CK: I can’t not read them; there’s just no way. It’s really shifted the way that I review books, too. Being an author myself, I suddenly realized that in so many book reviews that I gave over the years, I didn’t really consider that there’s probably somebody like me sitting there reading all of those reviews. I won’t review books anymore unless I can give at least four stars.
KS: It’s an intimate experience, reading a book, and I think that people feel cheated when they don’t like the book; it’s an emotional thing. Equally I’ve been amazed; it’s been so much fun to read the good reviews, and literally a thrill to receive these reviews that point to things I was trying to achieve. I can see what people have highlighted on their Kindles, and that’s totally thrilling, to see what people have appreciated sentence-by-sentence, word-by-word. The experience of connecting with readers on Facebook is very interesting, I think; I’m enjoying that. I’m really looking forward to this next stage, though, when I get to [go out to readings], and where they can ask me questions, and there can be a little bit more human-to-human [interaction]. I haven’t done that yet, so I’m looking forward to it.
CK: That first book launch; it’s kind of like a wedding: it’ll be such a blur for you, but it will be an awesome night, I’m absolutely sure of that.
KS: Well, I’m looking forward to it, and to yours, too. Our books are coming out right around the same time. My pub date is Feb 1st, and yours?
CK: Is the 12th. But I’m doing the launch on the 13th. One of our good friends, Grub Artistic Director Christopher Castellani has his book launch on the 12th. His book Leading Men comes out on the same day [as mine], so I’m launching on the 13th. We are so lucky to have all these friends that are publishing at the same time, which makes it both fun and tricky.
KS: What’s your plan this time? Are you making one of Bartolomeo’s recipes?
CK: I’m bringing some pumpkin cheesecake pie, maybe an apple pie. [Grub] author Louise Miller gave me a recipe for Apple Galette, so I might get creative with that. There is a recipe for strawberry pie and a cherry pie that I might embark upon, but it’s also going to be a really crazy busy couple of days, so we’ll see how ambitious I am with the pies.
KS: That sounds fun. I think, in my case, we’ll just have wine [laughs]. No, we’ll have food too.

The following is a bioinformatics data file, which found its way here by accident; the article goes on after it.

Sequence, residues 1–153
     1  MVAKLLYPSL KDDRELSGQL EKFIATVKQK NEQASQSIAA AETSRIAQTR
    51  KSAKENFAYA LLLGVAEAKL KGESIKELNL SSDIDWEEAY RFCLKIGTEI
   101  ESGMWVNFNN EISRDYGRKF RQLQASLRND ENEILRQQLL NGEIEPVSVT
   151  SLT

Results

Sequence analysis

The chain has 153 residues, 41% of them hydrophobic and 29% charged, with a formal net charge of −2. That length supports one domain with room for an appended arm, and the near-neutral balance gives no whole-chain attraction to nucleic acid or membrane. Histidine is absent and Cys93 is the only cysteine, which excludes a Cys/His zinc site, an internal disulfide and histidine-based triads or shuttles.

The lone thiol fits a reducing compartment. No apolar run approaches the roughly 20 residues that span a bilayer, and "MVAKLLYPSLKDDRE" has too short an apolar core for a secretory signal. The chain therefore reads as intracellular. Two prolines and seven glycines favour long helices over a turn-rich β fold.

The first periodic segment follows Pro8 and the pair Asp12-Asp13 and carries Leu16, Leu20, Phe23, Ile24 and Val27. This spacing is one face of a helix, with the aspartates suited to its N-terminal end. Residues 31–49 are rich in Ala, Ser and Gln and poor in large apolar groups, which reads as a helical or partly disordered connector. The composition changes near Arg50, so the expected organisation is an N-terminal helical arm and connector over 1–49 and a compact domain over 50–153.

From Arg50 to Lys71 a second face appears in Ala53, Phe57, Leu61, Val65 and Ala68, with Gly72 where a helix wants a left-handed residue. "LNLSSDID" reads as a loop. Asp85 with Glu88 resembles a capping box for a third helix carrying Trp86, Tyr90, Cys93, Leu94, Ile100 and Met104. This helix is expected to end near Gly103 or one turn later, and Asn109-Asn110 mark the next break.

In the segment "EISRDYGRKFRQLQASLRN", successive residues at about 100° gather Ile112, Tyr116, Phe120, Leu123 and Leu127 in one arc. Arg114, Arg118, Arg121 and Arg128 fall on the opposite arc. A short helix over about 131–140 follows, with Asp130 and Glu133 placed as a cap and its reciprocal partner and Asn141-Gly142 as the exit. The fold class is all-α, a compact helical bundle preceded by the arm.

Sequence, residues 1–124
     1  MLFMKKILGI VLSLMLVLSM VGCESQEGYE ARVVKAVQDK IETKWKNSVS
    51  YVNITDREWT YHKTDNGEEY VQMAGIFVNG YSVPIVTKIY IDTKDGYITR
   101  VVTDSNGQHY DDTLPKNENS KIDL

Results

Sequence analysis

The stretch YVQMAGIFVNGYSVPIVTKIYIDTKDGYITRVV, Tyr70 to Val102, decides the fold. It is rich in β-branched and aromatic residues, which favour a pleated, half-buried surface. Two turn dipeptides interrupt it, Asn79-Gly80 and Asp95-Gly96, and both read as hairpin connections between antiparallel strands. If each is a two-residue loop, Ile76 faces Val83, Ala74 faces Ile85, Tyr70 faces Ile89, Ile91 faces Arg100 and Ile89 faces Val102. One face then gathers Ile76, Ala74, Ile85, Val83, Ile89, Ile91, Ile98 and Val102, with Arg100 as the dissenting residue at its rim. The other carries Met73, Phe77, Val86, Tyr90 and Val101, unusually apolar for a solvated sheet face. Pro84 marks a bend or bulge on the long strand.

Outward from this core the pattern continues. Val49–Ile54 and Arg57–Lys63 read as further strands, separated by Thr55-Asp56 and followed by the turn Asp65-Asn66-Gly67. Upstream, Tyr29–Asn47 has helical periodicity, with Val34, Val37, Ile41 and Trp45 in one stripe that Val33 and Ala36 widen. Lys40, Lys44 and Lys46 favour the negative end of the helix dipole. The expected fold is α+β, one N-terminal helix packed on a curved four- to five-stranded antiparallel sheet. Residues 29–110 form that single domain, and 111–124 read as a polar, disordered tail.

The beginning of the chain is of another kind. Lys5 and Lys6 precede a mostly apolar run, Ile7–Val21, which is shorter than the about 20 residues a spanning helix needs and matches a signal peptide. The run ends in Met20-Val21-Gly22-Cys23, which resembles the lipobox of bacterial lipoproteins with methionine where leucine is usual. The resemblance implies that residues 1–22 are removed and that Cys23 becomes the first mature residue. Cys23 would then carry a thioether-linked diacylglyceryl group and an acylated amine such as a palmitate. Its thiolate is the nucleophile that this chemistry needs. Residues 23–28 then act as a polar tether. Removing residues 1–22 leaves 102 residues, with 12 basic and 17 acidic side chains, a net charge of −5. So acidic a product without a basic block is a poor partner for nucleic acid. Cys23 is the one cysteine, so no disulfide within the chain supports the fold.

I can’t wait for [your] next [book]; you are very industrious. Do you have a working title yet?
CK: I don’t have a title, but it’s about Vincenzo Cervio, who was a carver to Cardinal Alessandro Farnese, who was the wealthiest man in Italy.
KS: More good stuff from Crystal King! Well, great chatting to you, Crystal.
CK: Thank you so much, Katrin.
This conversation was edited for brevity and clarity.
Colwill is the Writer-in-Residence at Wellspring House, Instructor and Consultant at GrubStreet, and Fiction Editor at Pangyrus magazine. After graduating a scholarship awardee of GrubStreet’s Novel Incubator program, Colwill found representation for her first novel, Before We Tear Our Selves Apart, with Robert Guinsler of Sterling Lord Literistic, which is currently on submission to publishing houses. She is a recipient of the Henry Blackwell Essay Prize, a finalist for the 2019 Tennessee Williams Fiction Prize, a finalist for the 2019 Lit Fest Emerging Writer Fellowship, a "Notable Entry" in the 2019 Disquiet International Literary Prize, and has received fellowships and support from Bread Loaf Writers’ Conference, The University of Texas at Austin, the James A. Michener Foundation, Boston College, Kansas State University, the Anderson Center, and GrubStreet. Colwill’s work has appeared in Solstice Literary Magazine, The Conium Review, Poetry and Audience, and other places, and her essays have featured on Dead Darlings and GrubWrites. Along with Pangyrus, she has also served on the editorial team for Post Road magazine and The Conium Review. Colwill is especially proud to call herself a founding member of the Back Porch Collective, a Boston-based group of writers. With members connected to Cuba, India, Albania, Atlanta, Bosnia, Miami, Jamaica, and the UK, they bonded over a common passion for global narratives and literature’s potential to create empathy and understanding across all geographical, political, and cultural borders. Hailing from Yorkshire, in the north of England, Colwill is determined to introduce the word “sozzard” to the American vernacular. For a full list of publications, projects, and services, please visit colwillbrown.com.See other articles by Colwill Brown